Martin's body showed signs of having been beaten—perhaps with a rock—and strangled. She had bruises on her throat and body, as well as knife wounds on her stomach and thigh. Her autopsy found the cause of death to be strangulation and stated that she had "suffered the molestation of a degenerate".
After the discovery of Martin's body, approximately 75 state troopers combed the area in search of clues. However, no tire tracks were seen near the site where her body was found, and the burlap bag proved to be of no use in identifying any suspects. According to The Citizens' Voice, burned cloth matching the clothing Martin was wearing when she was last seen was discovered at an abandoned sawmill near Forkston. However, an article in The Kane Republican stated that this was not the origin of the cloth. An incident involving a bundle of clothing being thrown from a car near Orwigsburg proved to be unrelated to Martin's killing.
On December 22, the Scranton Tribune predicted that Martin's killer would be arrested within 24 hours.
Many hundreds of people attended Martin's funeral at St. Ignatius Church in Kingston on December 24. Plainclothes police officers also attended her funeral in the hopes of noticing anyone suspicious attending.
Several theories about the identity of Martin's murderer were suggested by locals. These included a mortician from Wyoming County, a businessman's son who left the area soon after the murder, a local assistant pastor, a teacher at the Wilkes-Barre Business College, and a local teenager who had a crush on Martin. Two men who had attempted to attack a 16-year-old girl from Hanover Township, Luzerne County, were also investigated. Some investigators believed that due to the killer's familiarity with the area's terrain, the killer must have been a local. More recently, it has been suggested that the killer was actually a non-local serial killer.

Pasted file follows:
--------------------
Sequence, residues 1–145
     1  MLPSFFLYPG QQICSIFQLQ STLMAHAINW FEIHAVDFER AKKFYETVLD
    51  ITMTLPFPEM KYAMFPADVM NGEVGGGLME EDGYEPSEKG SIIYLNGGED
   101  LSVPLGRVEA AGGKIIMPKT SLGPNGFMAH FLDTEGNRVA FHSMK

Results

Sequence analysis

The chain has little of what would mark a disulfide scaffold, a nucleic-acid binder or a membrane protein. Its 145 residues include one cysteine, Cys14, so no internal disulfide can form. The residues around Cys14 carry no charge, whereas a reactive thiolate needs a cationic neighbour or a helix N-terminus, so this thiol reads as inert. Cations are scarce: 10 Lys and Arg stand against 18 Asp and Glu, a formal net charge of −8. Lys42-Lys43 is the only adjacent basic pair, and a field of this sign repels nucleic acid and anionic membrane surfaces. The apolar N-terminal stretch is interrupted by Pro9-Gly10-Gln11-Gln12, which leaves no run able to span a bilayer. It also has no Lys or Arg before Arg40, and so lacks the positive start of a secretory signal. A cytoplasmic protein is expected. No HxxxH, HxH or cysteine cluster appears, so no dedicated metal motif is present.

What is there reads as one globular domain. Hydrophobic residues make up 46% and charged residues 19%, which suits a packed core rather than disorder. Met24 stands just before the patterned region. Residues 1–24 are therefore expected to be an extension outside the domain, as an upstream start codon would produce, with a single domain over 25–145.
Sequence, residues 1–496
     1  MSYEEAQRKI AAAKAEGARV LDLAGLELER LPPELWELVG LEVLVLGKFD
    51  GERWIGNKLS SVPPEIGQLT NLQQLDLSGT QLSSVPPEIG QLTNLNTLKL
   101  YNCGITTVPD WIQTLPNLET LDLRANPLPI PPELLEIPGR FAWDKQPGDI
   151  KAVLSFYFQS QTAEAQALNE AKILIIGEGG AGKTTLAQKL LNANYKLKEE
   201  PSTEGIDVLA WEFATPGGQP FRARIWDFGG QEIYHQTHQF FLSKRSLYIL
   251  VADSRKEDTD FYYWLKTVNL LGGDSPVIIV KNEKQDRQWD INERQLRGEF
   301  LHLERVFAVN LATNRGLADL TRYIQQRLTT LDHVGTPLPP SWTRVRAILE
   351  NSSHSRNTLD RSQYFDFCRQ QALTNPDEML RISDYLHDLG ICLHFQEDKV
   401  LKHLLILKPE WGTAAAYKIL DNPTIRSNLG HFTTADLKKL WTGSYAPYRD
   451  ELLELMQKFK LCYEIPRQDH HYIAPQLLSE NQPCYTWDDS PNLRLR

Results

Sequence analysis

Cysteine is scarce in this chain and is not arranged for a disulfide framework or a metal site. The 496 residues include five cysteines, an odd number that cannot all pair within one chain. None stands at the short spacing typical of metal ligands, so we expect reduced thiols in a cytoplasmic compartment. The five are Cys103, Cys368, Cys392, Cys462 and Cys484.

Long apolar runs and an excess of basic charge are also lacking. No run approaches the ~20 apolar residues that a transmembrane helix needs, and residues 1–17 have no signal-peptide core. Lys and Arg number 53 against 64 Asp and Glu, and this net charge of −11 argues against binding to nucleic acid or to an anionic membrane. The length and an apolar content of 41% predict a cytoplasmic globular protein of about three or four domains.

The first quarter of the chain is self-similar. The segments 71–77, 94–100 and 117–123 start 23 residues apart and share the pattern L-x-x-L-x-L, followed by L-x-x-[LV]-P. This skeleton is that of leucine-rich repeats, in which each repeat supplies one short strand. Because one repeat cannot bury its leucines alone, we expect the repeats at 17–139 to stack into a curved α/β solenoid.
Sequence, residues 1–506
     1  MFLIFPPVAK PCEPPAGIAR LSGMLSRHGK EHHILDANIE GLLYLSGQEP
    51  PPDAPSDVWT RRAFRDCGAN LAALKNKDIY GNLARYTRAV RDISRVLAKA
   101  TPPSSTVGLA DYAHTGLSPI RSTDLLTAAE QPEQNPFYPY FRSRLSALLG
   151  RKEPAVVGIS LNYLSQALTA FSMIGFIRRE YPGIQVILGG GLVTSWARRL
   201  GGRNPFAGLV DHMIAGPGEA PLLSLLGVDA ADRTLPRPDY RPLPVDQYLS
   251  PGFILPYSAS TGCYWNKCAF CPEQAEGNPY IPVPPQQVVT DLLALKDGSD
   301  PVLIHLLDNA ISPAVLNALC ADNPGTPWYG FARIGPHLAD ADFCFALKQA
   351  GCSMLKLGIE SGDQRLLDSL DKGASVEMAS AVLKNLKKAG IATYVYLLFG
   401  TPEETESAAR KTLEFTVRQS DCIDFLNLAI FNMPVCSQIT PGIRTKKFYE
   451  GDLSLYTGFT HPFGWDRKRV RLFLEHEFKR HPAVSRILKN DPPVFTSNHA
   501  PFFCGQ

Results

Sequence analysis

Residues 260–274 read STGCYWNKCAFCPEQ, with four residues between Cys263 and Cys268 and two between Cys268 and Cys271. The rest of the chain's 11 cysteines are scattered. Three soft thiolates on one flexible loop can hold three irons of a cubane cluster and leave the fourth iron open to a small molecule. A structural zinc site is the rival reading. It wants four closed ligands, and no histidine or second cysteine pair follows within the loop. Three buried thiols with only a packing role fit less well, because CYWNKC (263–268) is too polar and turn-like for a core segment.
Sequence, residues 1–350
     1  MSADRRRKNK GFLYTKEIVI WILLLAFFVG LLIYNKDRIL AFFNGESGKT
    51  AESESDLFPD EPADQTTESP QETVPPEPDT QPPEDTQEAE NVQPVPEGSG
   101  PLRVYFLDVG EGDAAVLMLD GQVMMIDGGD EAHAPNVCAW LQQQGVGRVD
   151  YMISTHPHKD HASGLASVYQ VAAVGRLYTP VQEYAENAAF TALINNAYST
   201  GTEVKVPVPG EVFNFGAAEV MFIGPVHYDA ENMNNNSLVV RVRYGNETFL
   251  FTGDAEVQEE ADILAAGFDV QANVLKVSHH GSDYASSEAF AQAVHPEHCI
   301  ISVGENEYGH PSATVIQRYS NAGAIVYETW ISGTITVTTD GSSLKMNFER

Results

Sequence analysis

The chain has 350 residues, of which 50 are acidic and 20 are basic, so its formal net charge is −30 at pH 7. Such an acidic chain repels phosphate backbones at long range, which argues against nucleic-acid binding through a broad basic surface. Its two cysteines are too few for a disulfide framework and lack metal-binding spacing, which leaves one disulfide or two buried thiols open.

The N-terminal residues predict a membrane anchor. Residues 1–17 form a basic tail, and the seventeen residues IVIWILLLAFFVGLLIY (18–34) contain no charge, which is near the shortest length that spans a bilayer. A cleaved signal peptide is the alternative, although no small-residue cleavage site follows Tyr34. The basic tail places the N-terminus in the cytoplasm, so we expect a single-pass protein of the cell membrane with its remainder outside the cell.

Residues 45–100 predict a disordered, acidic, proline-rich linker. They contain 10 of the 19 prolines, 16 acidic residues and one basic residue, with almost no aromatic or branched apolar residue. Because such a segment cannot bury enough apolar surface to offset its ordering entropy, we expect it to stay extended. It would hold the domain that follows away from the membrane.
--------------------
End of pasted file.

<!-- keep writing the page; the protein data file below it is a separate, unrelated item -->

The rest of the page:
On December 28, 1938, Pennsylvania state senator Leo C. Mundy stated that at the next state legislature, he would introduce a bill making sex crimes punishable by execution and requiring registration for all sex offenders. Mundy had resolved to introduce the bill due to Martin's murder. Physicians and welfare and social service workers would also be required to report anyone with tendencies towards such offenses.
By the beginning of 1939, most clues pertaining to Martin's murder had proven to be useless. The manhunt for the killer was still ongoing in February of that year, but the police had not turned up any more information. In June 1939, further clues were discovered, but the killer was not identified.
Although a very large number of suspects were investigated after Martin's death, no perpetrator was ever identified.
In September 1942, Orban Taylor of New York City confessed to Martin's murder. However, his confession was proven to be false after ten hours of investigation. Taylor was not charged with that crime although he did confess to several other crimes.
In 1948, a decade after Martin's murder, the case was one of the few major unsolved murders in Pennsylvania. In 1999, Peter Paul Olszewski, Jr., who was at the time the Luzerne County District Attorney, stated that even with modern criminal investigation methods and forensic techniques, it is unlikely that the identity of Martin's killer will be discovered. It is presumed that the killer is now long-deceased.